What are flaps in plastic surgery?
Flaps are skin and subcutaneous tissue with an intact blood supply moved to cover an adjacent tissue defect. They are used in reconstructive surgery (usually performed by plastic surgeons). The kind tissue injury or defect the surgeon aims to correct determines which of three different techniques they use
- advancement flaps,
- rotational flaps or
- transposition flaps.
Many variations and modifications of transposition flaps exist. Similar to other flaps, transposition flaps may be further modified and adjusted to accommodate individual situations.
What is transposition flap surgery?
Transpositional flap surgery is a reconstructive surgery which uses transposition flaps. A transposition flap is a flap rotated to cover an intervening area of normal skin to be placed in its recipient site.
Transpositional flaps exploit skin elasticity at a site distant to the surgical defect and redirect the tension of closure, meaning the sutures or other closure techniques don’t pull the wound together at a weak part in the tissue. They are generally smaller and move more freely and are common in facial reconstruction.
What is rotational flap surgery?
Rotation flaps are flaps in which the tissue is rotated on a pivot point to cover a primary defect. Rotation flaps fill one defect by creating another defect that may be closed with less tension.
What is advancement flap surgery?
This reconstructive surgery uses flaps that involve advancement of adjacent tissue to cover a primary tissue defect.
What are the advantages of transposition flap surgery?
Transpositional flap surgery
- Accomplishes redistribution and redirection of tension.
- Tends to use smaller areas of tissue than advancement and rotation flaps.
- Results in more aesthetically pleasing scars that tend to be easy to hide.
What are the types of transposition flaps and their uses?
Many different types of transposition flaps exist, though the most used types include the following:
- Classic rhombic flap to cover rhombus-shaped defects
- Modified rhombic flaps to close defects with acute angles
- Banner-type flaps for closure of postsurgical defects of the nasal dorsum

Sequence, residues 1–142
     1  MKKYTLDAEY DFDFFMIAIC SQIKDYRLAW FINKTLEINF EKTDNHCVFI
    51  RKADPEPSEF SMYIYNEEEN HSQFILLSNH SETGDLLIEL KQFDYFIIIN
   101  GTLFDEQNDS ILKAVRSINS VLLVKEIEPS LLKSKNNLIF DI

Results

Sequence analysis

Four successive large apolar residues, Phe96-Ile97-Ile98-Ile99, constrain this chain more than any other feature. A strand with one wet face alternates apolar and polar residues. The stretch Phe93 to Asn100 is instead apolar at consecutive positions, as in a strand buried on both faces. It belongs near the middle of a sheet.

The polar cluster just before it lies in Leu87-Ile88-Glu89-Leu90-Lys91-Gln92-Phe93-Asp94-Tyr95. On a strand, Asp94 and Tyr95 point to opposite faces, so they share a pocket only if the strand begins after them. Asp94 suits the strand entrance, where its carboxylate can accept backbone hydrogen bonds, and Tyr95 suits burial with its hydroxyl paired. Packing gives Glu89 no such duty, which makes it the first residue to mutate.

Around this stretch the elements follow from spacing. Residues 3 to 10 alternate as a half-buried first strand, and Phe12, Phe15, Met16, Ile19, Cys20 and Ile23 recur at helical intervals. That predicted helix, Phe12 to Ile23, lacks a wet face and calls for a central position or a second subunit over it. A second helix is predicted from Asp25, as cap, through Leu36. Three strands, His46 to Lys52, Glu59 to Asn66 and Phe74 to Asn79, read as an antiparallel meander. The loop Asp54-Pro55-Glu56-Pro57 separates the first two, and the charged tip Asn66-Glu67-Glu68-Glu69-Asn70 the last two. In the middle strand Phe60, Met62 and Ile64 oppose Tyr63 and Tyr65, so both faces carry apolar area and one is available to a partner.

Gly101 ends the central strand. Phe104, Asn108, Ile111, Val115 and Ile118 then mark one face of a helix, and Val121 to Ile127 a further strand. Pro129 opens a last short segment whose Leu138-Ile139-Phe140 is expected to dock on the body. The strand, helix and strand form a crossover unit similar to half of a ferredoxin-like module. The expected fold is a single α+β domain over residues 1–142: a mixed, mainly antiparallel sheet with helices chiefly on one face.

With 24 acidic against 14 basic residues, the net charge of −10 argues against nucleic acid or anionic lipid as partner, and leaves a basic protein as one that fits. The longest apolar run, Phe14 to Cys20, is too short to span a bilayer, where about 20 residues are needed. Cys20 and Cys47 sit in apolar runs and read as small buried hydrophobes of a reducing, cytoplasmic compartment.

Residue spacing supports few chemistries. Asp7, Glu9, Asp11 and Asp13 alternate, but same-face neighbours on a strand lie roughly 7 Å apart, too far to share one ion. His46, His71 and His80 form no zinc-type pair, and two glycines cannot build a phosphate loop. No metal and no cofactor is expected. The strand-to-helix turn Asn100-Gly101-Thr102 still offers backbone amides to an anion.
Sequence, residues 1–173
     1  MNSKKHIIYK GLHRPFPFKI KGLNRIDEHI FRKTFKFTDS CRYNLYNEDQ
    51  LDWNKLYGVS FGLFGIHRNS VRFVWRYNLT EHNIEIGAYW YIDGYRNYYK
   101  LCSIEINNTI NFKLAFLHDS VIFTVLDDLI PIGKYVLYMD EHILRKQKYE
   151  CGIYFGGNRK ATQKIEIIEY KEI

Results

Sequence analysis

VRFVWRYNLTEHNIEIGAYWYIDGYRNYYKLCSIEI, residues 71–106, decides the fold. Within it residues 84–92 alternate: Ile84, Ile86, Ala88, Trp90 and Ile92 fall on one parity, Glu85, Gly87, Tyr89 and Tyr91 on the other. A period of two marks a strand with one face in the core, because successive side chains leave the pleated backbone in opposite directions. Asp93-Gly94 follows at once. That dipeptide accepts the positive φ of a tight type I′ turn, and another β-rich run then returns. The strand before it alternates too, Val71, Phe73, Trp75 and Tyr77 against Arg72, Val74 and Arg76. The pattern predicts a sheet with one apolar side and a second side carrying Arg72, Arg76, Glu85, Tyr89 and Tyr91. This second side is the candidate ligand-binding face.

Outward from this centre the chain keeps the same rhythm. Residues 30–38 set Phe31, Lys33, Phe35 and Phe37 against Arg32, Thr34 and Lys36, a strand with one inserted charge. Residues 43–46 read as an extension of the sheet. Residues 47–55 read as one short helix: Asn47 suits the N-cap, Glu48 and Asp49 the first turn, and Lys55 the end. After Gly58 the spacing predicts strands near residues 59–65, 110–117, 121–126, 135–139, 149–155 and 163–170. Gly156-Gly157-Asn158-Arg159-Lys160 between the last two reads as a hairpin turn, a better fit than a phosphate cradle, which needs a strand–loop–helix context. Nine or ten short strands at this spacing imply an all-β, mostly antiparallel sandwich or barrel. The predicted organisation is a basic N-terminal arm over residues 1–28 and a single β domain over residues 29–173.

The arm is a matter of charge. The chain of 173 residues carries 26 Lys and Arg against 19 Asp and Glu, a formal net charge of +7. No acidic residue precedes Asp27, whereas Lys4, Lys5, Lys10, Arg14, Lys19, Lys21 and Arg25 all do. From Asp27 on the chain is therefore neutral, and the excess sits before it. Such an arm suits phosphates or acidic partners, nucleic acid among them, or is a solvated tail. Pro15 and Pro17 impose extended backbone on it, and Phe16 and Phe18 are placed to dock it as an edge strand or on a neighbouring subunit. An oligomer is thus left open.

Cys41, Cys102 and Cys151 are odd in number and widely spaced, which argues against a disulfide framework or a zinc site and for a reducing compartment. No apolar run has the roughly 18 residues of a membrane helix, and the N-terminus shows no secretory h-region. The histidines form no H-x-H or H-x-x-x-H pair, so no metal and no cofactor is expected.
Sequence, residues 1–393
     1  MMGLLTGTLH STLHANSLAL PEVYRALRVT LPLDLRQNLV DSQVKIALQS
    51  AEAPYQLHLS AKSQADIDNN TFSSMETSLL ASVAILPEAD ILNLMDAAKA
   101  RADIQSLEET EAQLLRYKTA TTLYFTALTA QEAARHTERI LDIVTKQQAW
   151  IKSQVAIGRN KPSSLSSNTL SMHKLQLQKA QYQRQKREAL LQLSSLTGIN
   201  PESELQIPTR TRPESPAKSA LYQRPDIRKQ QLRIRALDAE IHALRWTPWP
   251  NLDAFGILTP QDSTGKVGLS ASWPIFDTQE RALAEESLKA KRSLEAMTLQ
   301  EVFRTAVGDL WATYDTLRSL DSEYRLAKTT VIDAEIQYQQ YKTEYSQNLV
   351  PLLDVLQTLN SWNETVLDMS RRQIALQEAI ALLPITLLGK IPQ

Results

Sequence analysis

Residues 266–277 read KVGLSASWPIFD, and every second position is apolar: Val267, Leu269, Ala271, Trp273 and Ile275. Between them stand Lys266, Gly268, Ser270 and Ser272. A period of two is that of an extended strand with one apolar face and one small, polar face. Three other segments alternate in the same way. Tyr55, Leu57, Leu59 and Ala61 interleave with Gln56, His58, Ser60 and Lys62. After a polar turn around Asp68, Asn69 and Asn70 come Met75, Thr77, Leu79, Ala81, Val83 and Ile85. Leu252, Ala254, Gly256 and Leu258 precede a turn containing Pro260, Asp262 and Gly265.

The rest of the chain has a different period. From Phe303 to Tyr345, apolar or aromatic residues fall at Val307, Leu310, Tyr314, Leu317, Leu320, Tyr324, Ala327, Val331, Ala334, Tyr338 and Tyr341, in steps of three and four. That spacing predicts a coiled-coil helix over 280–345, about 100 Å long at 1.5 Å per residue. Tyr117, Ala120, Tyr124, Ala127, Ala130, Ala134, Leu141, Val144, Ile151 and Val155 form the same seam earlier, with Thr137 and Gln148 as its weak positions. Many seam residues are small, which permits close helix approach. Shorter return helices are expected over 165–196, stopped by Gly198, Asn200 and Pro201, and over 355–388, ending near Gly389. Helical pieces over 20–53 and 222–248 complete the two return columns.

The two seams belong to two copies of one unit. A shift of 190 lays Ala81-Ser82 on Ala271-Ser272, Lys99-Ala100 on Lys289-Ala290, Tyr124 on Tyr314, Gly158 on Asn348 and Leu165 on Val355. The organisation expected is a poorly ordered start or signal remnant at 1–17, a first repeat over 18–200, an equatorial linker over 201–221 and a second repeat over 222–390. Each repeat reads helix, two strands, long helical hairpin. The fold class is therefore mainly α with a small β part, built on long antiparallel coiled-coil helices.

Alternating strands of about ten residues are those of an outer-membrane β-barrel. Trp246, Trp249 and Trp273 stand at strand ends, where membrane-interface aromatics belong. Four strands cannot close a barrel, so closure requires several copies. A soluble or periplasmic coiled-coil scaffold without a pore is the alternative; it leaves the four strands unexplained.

- Tunneled transposition flap for closure of wide defects and preserving aesthetic appearance
Who should not get transposition flap surgery?
Transpositional flap surgery may not be an option for people who
What are the complications of transitional flap surgery?
- Dehiscence: A cut made during the procedure separates or ruptures after it has been sutured.
- Flap necrosis (tissue death) due to excessive tension or postoperative infection
- Pincushioning, or the trapdoor phenomenon: The puffing up or out-pouching of a flap above the surrounding skin surface. Pincushioning may occur because of
- excess subcutaneous fat under the flap,
- fluid accumulation,
- oversized flaps, or
- a failure to establish contact between the undersurface of the flap and the recipient bed (lack of contact inhibition), which pushes up the flap center.
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propofolPropofol is an intravenous anesthetic drug used for general anesthesia and sedation during surgical procedures. Common side effects of propofol include injection site burning, stinging or pain; low blood pressure (hypotension), reduced cardiac output, elevated blood pressure (hypertension), pause in breathing (apnea), lung impairment (respiratory acidosis), impaired movement, high level of emulsified fats in the blood (hyperlipidemia), and high triglyceride level in blood (hypertriglyceridemia). Abuse of propofol can cause death and other injuries.
How Long Does It Take to Recover from TRAM Flap Surgery?TRAM stands for Transverse Rectus Abdominis Myocutaneous, a muscle and tissue of the lower abdomen between the waist and pubic bone. TRAM flap surgery uses the flap (graft) from this skin, fat, and the TRAM muscles for breast reconstruction. TRAM flap surgery is done for various conditions, including for patients who have undergone breast removal surgery (mastectomy) as part of breast cancer.
What Is the Difference Between Sedation and General Anesthesia?Sedation is medically induced temporary depression of consciousness prior to procedures that cause pain or discomfort to patients. Pain relieving medications (analgesics) are also usually administered as an adjunct to sedation. General anesthesia induces full unconsciousness with a breathing machine necessary.
succinylcholineSuccinylcholine is a skeletal muscle relaxant used for medical procedures done under general anesthesia, including tracheal intubation, mechanical ventilation, and surgeries. Common side effects of succinylcholine include postoperative muscle pain, jaw rigidity, muscle twitch (fasciculation), respiratory depression, cessation of breathing (apnea), low or high blood pressure (hypotension or hypertension), irregular heart rhythms (cardiac arrhythmias), slow or rapid heartbeat (bradycardia or tachycardia), cardiac arrest, increase in intraocular pressure (IOP), high blood potassium levels (hyperkalemia), severe life-threatening drug reaction with excessively high temperature (malignant hyperthermia), salivary gland enlargement, excessive salivation, rash, hypersensitivity reactions, and others.
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